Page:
Russian Officials Debate Immigration Reforms

October 24, 2013
Photo: Vladimir Burnov / ITAR-TASS

Following weeks of alarming inter-racial violence, including anti-minority riots in Moscow, the Interior Minister and the head of the Federal Migration Service spoke with legislators in the State Duma about possible immigration reforms. Some of the suggestions were practical, and not dissimilar from other countries’ systems. Some of the talk, however, was more focused on placing blame and spreading conspiracy theory. Of particular note, however, is the quote in the first paragraph that suggests members of Putin’s party may want to avoid the issue all together if they can.

It’s also worth noting today’s headline (in English) from the Moscow Times. According to the report, President Vladimir Putin does not think visa regimes are a realistic expectation, “because the corruption that we have discussed here will be transferred from street markets to the border.” – Ed.

It is necessary to make it a criminal offence for employers to hire illegal migrants and to reduce the length of stay for foreigners who can stay in the Russian Federation without a visa. Such proposals were made during the Government Hour in the State Duma, where in the wake of the Biryulyovo riots, deputies invited the heads of the Federal Migration Service (FMS) and the Ministry of Internal Affairs, Konstantin Romodanovsky and Vladimir Kolokoltsev, as well as the Vice-Mayor in charge of safety, Alexander Gorbenko. However, based on the report, United Russia urged deputies “not to escalate” the immigration issue.

Vladimir Kolokoltsev started by trying to justify actions by his staff. “I strongly disagree with the assertion that we have not made the necessary conclusions from the series of similar incidents in Kondopoga, Sagra, Pugachev and other regions,” said the head of the Interior Ministry, trying to head off possible accusations against the police, that, however, were never voiced in the State Duma. Mr. Kolokoltsev noted that the staff numbers are being reduced, including in Moscow with its millions of inhabitants, and, for example, a neighborhood police officer “has to work 16 hours a day” to perform the tasks he’s charged with.

To address the issues of immigration, Mr. Kolokoltchev suggested that, first of all, “responsibility of those who rent out apartments must be reconsidered, and that relates to both businessmen and individuals.” “This is not a normal situation, when some local residents take to the streets, protesting against too many migrants, and others rent out their apartments to these migrants, turning them into mini-dormitories,” said the Interior Minister. Also, Mr. Kolokoltsev called for “strengthening the responsibility for resale of quotas for foreign citizens entitled to work in the country.” He believes that such measures will give migrants “the opportunity to become eligible for health care and other social services.”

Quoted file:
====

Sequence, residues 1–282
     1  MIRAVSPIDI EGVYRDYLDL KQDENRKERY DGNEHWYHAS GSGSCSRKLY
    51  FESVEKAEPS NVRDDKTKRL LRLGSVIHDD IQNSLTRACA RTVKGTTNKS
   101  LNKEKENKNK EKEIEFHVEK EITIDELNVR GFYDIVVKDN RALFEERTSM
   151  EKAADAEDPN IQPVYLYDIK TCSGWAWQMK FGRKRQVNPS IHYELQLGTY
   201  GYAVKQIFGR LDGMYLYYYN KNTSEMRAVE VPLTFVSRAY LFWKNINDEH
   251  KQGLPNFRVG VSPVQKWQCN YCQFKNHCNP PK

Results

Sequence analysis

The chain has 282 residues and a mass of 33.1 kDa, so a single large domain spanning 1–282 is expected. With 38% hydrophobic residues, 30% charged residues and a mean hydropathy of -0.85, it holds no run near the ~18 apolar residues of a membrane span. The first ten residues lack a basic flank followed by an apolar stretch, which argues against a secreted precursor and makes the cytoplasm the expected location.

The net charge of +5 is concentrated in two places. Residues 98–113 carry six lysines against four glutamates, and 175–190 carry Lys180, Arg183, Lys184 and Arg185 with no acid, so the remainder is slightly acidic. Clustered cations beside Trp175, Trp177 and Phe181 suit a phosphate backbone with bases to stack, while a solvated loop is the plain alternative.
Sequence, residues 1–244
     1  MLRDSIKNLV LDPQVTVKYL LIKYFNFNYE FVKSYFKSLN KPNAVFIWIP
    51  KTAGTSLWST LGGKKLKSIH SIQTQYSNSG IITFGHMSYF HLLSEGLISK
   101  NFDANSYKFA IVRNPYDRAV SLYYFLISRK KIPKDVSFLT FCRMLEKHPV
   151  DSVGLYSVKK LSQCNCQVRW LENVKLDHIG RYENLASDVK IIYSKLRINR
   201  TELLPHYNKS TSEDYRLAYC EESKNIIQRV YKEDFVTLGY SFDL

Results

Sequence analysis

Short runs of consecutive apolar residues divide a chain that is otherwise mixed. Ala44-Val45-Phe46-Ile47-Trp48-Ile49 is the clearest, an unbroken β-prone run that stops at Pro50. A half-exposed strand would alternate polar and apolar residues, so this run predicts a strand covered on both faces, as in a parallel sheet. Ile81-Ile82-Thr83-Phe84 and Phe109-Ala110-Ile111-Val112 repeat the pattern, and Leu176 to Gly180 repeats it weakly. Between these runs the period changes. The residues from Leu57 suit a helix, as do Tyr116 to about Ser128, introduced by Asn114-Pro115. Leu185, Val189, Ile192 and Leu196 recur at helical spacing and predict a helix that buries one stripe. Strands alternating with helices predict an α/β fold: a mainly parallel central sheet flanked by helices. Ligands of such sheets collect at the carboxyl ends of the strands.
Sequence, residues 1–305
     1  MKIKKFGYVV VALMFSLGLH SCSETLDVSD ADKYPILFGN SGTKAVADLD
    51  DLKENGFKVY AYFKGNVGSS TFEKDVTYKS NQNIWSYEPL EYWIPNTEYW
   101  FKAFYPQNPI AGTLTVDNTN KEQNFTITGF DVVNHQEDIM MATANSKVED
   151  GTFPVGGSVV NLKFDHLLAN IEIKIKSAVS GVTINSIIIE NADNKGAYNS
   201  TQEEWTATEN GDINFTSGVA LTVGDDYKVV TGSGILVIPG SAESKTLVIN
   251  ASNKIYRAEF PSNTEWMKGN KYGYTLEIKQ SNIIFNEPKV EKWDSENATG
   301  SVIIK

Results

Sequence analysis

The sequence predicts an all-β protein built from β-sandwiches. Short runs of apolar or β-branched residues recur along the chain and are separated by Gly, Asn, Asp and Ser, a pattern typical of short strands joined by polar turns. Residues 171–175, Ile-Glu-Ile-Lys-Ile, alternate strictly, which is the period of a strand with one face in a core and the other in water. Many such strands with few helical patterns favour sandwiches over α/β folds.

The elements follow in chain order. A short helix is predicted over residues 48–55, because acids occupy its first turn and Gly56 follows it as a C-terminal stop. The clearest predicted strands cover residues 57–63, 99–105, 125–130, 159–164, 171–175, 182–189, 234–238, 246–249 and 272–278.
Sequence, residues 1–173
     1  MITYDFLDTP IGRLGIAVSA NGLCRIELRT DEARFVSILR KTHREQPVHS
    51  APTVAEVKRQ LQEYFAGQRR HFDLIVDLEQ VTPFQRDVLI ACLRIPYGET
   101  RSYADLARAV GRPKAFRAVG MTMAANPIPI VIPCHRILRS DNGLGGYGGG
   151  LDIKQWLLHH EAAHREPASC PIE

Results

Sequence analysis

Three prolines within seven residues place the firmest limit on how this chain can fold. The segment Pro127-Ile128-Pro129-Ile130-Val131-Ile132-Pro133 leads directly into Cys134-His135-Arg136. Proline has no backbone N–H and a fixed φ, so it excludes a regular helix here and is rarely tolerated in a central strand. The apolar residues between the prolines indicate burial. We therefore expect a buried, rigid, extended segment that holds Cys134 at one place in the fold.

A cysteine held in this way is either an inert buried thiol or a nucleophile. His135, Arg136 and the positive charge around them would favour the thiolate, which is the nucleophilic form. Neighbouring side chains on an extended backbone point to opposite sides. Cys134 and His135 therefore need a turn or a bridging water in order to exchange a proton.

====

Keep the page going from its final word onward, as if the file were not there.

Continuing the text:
Konstantin Romodanovsky, the head of the FMS, came to the State Duma with much more radical proposals. For example, he favors a ban on resale of quotas: “Of the 260,000 work permits issued this year in the metropolitan area, more than half were then transferred or resold.” Mr. Romodanovsky called the quota arrangement “a cornerstone in our migration trend,” that “needs a radical modernization.” However, he did not elaborate on how exactly such modernization should be carried out.

The head of the FMS suggested to introduce criminal liability for employers for illegal employment of migrants (currently it is considered an administrative offense). In addition, he finds it necessary to reduce the length of stay of foreigners in Russia, as well as to streamline the rules of re-entry into the Russian Federation. Now by law a visitor who does not require a visa can stay in the Russian Federation for no more than 90 days (the day before, the United Russia Duma deputies introduced a bill that reduces this period to 45 days). At the same time, the head of the FMS stressed that once that period expires, a foreign national can “return immediately,” just by simply crossing the border again. “One in ten foreigners uses this mechanism, said Mr. Romodanovsky. We propose that such a reentry was possible only after six months. Incidentally, this is in line with international standards.”

The Vice Mayor Alexander Gorbenko abstained from addressing legislators. Not least because, according to their statements, they didn’t really insist. For example, the leader of the LDPR faction, Vladimir Zhirinovsky, believes that “the deputies cannot blame Sobyanin,” and what happened in Biryulyovo is a “legacy” of the former Moscow mayor Yuri Luzhkov. Mr. Zhirinovsky reminded that the notorious Cherkizovsky market was owned by Telman Ismailov, a close associate of the former mayor. The LDPR leader is confident that the conflict in Biryulyovo was “ordered” by some forces, just like the “Orange Revolution.” “It is beneficial to certain political forces,” Zhirinovsky shouted from the podium. According to him, in this case the names of the beneficiaries were written on the sheets that he was holding in his hands. He was ready to show these sheets to Kolokoltsev and Romodanovsky, “so that they know,” but refused to disclose the names of those people to the rest of the deputies. According to Valery Gartung of [the political party] Just Russia, the true reason of what happened in Biryulyovo is not an ethnic conflict, but “corruption and lack of fair courts.”

And the leader of the United Russia faction, Vladimir Vasiliev, urged “not to escalate” the migration issue, assuring that the applicable laws do “work.”